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From scrum to scrumban?

scrumAt the moment, more and more companies are turning away from the old project management practices and searching for the new trends like agile and one of its methodologies – scrum. While most are successful in adopting the new practices, some however are struggling. While the reasons vary from the incompatibility with the process to the feeling that the methodology is too strict, the end result is the same – a team that is not getting a 100% result. However there seems to be a solution on the horizon – scrumban.

To put it simply scrumban is a mix of scrum and kanban. It takes certain components of both practices and mixes them together in order to create a new and enhanced one. In this post, however, we will not focus on the complete methodology, but instead we will take a look at how scrumban can improve the process of an unsuccessful scrum team.  There are various reasons why teams find the scrum methodology unfitting – strictness, time constraints, continuous planning and others. For these teams scrumban is a great solution because it still has the main scrum principles and at the same time offers more flexibility and freedom to move forward.

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Improve your TFS experience with Eylean

Team Foundation Server (TFS) is a tool widely used by companies all over the world. It offers a great variety of features and covers all of the development phases and aspects. However, when covering every aspect of a large process it is hard to be perfect and companies using TFS are still seeking additional features to get the perfect user experience.

Eylean Board aims to do exactly that – enhance TFS project management experience by providing additional features. In order to do that, Eylean works as a two-way integration into TFS. It takes all the information related to work items from TFS and represents it in visual task boards. The information in Eylean is updated regularly and any changes are immediately transferred back to TFS. This ensures that the users always have the most recent information and can use the two tools interchangeably. Let us look into what sought after additions does Eylean bring into the TFS experience.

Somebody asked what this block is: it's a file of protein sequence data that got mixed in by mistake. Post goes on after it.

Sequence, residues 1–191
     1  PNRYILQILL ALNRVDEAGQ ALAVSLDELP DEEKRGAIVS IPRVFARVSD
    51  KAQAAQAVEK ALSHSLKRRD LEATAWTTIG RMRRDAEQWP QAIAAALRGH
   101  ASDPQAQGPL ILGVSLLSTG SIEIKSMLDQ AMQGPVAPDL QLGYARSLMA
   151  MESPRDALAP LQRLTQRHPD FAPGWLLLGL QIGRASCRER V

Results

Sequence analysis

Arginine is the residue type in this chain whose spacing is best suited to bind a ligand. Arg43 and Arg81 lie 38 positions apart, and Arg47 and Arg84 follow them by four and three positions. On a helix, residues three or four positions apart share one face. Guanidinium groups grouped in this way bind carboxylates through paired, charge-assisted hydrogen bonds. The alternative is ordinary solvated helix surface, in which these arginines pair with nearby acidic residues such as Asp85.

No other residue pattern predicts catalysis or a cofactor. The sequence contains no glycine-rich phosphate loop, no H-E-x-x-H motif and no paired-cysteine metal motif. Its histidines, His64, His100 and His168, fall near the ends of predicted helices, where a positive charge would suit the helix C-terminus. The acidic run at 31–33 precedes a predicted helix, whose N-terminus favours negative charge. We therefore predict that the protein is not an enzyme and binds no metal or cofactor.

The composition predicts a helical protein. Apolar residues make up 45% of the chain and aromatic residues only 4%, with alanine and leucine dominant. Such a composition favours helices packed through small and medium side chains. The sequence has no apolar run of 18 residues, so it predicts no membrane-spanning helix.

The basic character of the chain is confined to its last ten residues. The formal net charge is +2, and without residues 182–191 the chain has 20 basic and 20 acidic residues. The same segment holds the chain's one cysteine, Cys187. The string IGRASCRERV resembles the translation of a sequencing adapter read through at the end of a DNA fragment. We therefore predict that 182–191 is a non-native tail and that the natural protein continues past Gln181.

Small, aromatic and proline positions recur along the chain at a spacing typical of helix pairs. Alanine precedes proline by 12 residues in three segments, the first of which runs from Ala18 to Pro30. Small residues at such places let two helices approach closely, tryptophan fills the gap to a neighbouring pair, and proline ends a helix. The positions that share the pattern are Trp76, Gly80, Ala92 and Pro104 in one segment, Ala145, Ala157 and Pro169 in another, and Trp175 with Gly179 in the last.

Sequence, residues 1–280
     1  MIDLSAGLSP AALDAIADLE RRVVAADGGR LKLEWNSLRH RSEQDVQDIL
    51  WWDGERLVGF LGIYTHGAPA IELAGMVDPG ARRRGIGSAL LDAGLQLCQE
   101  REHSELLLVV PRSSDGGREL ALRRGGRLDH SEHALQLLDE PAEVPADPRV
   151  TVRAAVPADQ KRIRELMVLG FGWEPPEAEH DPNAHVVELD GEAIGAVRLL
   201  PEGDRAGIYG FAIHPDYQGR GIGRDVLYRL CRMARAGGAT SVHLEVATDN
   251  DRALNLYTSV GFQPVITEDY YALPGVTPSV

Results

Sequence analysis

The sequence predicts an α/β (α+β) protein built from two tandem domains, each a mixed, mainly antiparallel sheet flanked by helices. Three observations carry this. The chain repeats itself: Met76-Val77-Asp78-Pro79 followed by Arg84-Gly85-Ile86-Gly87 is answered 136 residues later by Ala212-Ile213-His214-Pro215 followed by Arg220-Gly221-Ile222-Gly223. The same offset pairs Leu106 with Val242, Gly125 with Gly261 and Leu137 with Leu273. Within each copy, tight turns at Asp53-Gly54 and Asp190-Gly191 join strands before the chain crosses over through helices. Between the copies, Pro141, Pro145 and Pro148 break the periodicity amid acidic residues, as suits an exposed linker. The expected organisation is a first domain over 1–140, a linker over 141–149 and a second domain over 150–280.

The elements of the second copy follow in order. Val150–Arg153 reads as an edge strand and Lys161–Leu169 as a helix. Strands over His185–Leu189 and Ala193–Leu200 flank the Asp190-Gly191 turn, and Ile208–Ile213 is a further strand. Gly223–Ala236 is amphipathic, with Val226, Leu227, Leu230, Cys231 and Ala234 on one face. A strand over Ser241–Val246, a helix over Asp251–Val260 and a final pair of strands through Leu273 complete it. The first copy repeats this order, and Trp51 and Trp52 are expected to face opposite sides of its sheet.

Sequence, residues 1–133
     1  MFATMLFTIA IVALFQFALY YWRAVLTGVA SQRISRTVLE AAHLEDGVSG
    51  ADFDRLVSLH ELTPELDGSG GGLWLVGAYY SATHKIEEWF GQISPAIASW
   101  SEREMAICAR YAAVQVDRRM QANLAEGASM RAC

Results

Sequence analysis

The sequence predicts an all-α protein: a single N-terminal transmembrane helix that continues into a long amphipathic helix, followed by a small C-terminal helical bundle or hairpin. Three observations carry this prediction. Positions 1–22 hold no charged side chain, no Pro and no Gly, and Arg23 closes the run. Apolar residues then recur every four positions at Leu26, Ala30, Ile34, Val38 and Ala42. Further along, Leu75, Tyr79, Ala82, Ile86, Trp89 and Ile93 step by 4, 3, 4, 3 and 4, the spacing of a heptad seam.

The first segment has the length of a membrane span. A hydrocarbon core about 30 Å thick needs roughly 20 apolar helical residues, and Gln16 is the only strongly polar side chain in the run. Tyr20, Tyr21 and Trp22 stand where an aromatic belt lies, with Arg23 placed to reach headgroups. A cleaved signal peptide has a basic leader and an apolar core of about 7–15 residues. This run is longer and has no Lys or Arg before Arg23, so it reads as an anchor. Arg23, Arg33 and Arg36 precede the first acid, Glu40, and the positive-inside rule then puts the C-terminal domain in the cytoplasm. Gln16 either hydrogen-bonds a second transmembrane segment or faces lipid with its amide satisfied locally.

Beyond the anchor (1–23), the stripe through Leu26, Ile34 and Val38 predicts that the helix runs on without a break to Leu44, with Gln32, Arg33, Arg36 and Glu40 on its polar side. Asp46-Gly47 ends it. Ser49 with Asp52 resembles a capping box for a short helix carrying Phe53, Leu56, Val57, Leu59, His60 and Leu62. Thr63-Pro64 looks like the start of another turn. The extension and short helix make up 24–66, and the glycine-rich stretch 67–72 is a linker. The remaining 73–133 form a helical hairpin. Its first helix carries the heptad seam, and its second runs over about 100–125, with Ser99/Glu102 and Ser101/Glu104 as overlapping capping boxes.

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Manage your backlog in Eylean

Last week we took a short glance at scrum basics in Eylean Board. This week we will continue our how-to series by taking a look at the ways a backlog can be managed when carrying out projects with Eylean Board.

Eylean is a versatile software and there are a few ways all of the things can be done. The backlog is no exception with a variation of backlogs through the different teams and projects. So just to get you on track, we will discuss the three most common ways the backlogs can be arranged – as a column, as a row and as a separate board.

Managing your backlog as a column is probably the most traditional way. In this case, you choose a section of columns, usually the one on the left side of the board and dedicate it to the backlog items. In this way, you will have a separate backlog for each row of the board and you will be able to see immediately how many tasks are waiting to be completed. While this is very convenient in seeing the progress of the project and the task load, it can get very busy and clustered when dealing with large projects. Therefore this way of backlog management is recommended for projects with fewer tasks.


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Planning on demand

Planning on demand is a method suited for fast paced production planning which has a dynamic, always changing environment. It is based on Scrumban methodology, which combines the flexibility of Kanban and the basic features of Scrum. The key principles of planning on demand are that you don’t plan too much, you control what is being done, your team is always occupied and a team is always aware of the situation.